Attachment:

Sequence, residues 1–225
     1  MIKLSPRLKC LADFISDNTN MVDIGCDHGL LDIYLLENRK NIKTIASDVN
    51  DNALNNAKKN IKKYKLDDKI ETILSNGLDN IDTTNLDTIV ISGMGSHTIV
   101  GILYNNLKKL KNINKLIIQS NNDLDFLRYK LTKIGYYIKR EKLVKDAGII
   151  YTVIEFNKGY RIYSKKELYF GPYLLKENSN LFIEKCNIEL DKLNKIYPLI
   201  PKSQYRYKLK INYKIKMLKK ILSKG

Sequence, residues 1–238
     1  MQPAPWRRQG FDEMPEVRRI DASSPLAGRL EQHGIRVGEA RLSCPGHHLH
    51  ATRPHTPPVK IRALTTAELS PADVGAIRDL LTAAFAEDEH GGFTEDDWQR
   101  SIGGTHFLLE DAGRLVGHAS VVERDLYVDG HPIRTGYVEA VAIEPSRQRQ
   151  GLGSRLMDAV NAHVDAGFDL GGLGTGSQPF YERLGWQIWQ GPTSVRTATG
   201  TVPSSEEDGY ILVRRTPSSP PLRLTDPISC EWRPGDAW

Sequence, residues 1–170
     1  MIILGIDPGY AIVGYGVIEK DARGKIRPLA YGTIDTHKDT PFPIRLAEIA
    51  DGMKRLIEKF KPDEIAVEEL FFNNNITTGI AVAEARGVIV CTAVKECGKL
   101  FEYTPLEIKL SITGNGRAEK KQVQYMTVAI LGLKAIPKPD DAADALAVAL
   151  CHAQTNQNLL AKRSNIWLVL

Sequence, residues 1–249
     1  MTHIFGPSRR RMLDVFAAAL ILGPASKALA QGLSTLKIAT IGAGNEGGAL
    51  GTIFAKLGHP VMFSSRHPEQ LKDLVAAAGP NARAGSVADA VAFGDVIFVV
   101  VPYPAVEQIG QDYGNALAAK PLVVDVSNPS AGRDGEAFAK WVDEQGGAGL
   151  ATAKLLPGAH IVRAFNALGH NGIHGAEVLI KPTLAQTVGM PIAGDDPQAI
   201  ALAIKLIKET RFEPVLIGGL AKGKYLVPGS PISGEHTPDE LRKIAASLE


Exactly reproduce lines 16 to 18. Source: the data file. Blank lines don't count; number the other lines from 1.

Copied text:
   101  FEYTPLEIKL SITGNGRAEK KQVQYMTVAI LGLKAIPKPD DAADALAVAL
   151  CHAQTNQNLL AKRSNIWLVL

Sequence, residues 1–249